Post Script:  We hope to start picketing one or two Assembly Members who voted for ACA7.  It’s important that Senators know how seriously we are taking this.

YOU’RE INVITED:  The Pacific Legal Foundation is putting on a Webinar entitled “Winning Strategies to Combat Discrimination in California.”  The panelists will be Jack Brown, Wenyuan Wu, and yours truly.  We’ll be talking about Proposition 209, Proposition 16, and the new threat–Assembly Constitutional Amendment 7.

The program is scheduled for tomorrow (Tuesday) at 3:00 Eastern/2:00 Centra/1:00 Mountain/12:00 Pacific.  You can register here.

THE UNIVERSITY OF SAN DIEGO NEEDS A LAWYER:  My university wants to discriminate on the basis of race, sex, and ethnicity.  There’s nothing unusual about that.  Many universities want to do that.  But most of them know enough not to say so explicitly.  That’s what sets USD apart.

When Christopher Brunet of Karlstack sent an email inquiring about the discriminatory advertisement, he received as response from the professor who posted the job:  “I am retracting the advertisement.  I received funding from Prebys to supplement salary for postdoc with the requirement that they be a woman.  But my position is open to everyone.  My apologies for the lack of clarification.”

So it’s “retracted.”  Sort of.  In other words, USD will accept resumes from everyone.  But what do you want to bet that the position goes to a woman, whether she’s the most qualified candidate or not?

If you are qualified for this position, but suffer from being male and are not selected, please contact me.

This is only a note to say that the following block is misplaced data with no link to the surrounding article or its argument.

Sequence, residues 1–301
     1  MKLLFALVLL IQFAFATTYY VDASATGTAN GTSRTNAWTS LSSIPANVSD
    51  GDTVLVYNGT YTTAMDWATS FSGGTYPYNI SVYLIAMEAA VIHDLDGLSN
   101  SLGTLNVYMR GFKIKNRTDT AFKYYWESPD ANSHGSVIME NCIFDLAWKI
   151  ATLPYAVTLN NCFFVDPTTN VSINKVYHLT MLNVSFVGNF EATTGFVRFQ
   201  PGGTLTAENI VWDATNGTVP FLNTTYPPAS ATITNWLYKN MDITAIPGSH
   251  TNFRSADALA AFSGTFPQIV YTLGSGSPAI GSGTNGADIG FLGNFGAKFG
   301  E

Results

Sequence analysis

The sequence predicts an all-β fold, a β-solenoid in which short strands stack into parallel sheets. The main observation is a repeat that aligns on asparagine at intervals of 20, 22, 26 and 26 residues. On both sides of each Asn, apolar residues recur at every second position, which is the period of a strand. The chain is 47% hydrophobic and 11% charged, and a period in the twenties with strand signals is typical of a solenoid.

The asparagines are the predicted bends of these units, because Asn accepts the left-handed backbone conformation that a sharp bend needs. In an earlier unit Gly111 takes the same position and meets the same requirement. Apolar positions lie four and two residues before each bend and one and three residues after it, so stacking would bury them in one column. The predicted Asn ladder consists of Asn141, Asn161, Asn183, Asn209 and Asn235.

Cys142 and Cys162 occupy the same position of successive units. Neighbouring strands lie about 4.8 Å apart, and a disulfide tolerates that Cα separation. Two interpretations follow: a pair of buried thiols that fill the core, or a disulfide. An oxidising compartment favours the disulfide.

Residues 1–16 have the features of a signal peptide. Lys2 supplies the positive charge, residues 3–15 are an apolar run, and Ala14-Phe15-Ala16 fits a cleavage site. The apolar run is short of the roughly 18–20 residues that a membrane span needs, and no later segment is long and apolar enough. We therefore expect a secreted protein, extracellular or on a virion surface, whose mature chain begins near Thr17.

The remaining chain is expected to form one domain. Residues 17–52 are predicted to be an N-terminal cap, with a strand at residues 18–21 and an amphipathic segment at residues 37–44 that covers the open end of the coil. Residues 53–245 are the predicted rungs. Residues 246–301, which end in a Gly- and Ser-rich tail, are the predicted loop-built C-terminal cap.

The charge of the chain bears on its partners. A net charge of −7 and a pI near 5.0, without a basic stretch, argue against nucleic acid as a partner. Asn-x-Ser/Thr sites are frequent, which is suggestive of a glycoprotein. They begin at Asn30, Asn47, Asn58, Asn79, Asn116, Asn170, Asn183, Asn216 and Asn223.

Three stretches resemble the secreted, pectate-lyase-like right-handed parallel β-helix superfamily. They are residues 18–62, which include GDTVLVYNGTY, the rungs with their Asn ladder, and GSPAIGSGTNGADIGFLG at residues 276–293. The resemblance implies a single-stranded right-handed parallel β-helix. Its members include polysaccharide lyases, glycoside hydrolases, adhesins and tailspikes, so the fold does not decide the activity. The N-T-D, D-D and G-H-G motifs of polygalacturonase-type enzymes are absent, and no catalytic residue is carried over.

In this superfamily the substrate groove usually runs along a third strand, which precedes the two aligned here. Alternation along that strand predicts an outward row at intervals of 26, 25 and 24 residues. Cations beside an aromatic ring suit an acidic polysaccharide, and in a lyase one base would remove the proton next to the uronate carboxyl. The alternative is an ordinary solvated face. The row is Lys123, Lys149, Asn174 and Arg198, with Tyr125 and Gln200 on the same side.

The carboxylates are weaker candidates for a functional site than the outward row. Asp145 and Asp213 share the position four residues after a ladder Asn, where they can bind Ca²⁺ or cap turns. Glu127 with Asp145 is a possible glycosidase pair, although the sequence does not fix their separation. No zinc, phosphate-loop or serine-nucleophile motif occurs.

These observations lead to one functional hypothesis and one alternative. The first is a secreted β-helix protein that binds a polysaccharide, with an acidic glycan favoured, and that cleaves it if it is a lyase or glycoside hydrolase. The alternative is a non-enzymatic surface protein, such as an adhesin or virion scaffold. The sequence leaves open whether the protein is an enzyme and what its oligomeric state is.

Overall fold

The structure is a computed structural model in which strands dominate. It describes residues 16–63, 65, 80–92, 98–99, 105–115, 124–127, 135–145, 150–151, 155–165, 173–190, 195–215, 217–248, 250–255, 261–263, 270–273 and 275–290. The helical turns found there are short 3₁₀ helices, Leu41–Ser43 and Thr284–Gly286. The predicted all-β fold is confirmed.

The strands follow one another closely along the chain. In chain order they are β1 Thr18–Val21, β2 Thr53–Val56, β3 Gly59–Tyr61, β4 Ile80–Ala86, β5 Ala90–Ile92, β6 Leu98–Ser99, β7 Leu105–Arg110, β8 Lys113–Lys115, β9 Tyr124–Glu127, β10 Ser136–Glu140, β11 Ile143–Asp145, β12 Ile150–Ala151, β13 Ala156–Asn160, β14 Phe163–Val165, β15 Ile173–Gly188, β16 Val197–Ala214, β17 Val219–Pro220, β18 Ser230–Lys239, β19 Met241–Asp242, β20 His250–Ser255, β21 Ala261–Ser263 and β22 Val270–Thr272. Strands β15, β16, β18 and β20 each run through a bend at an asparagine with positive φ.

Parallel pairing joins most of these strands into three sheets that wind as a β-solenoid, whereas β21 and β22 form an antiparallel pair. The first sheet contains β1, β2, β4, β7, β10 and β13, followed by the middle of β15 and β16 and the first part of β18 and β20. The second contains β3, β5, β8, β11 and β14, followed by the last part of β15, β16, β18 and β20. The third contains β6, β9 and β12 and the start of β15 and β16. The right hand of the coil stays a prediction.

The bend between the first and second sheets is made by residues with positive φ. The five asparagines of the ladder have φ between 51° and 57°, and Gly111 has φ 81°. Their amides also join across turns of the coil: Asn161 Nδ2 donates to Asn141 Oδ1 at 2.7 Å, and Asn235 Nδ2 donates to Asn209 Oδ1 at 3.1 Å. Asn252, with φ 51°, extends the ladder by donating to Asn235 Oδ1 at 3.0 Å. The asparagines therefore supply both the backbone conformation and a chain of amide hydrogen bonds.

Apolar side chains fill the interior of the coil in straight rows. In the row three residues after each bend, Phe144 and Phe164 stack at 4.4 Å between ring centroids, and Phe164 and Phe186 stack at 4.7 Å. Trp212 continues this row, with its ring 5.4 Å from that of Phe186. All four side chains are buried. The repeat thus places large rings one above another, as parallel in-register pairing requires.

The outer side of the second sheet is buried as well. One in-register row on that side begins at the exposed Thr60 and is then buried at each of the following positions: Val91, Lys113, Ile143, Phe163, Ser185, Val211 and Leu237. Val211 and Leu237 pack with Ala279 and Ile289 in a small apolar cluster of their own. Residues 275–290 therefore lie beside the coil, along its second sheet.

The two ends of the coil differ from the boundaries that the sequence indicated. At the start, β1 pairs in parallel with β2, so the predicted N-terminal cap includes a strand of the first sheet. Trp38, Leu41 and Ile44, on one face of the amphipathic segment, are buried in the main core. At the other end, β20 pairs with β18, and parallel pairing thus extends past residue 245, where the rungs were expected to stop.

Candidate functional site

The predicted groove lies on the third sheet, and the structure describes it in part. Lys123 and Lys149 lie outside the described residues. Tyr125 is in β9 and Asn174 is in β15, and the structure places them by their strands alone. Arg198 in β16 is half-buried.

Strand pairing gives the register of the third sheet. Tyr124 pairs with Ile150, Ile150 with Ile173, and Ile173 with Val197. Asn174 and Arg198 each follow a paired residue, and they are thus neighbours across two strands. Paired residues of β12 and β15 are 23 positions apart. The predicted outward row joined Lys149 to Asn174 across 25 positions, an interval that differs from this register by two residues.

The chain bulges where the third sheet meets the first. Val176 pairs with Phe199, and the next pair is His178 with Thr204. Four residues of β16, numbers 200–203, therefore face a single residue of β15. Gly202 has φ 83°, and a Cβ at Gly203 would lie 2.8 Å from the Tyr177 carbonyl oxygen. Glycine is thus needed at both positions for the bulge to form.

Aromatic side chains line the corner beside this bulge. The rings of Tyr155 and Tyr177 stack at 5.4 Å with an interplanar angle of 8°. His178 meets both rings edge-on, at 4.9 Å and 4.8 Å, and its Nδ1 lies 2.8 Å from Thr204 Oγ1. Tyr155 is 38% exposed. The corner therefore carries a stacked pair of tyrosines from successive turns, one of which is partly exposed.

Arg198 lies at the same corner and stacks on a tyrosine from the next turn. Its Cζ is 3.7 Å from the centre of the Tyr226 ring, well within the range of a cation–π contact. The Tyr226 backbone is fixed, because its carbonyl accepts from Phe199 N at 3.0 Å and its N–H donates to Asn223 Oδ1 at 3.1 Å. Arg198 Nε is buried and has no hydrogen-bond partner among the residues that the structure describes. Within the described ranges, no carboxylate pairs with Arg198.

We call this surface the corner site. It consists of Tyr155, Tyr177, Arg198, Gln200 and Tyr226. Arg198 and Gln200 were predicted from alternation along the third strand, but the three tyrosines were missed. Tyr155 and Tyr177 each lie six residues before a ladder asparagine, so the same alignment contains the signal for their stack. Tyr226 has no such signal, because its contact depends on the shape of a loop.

By the way, this is not the first time USD has crossed the line on Title VII.

I AM VINDICATED:  Three years ago, the U.S. Commission on Civil Rights issued a report on maternal mortality that claimed, among other absurdities, that maternal mortality rates had worsened in the United States over the last 30 years, quoting with approval a witness who said the rates were up a whopping 50% in just a generation (as well as other alarming, but obviously incorrect statistics).

I wrote a dissent and pointed out that, in reality, this so-called “increase” was almost certainly an artifact of a significant change in the way deaths were classified.  This change had been phased in over a number of years.  It required the deaths of women who had been recently pregnant to be looked at more closely to see if the pregnancy might have been a contributing factor.

A new study published in the American Journal of Obstetrics & Gynecology shows that I was right.  It was obvious.  But obvious things that don’t fit the Commission’s narrative get ignored.

The more interesting (and true!) story here is how maternal deaths are down 99% since about 1900.  Thanks go to Alexander Fleming (penicillin), Vincent du Vigneaud (oxytocin), researchers at Merck & Co. (methyldopa), and other physicians and researchers who have furthered our knowledge over the course of almost 125 years.  May that progress ever continue.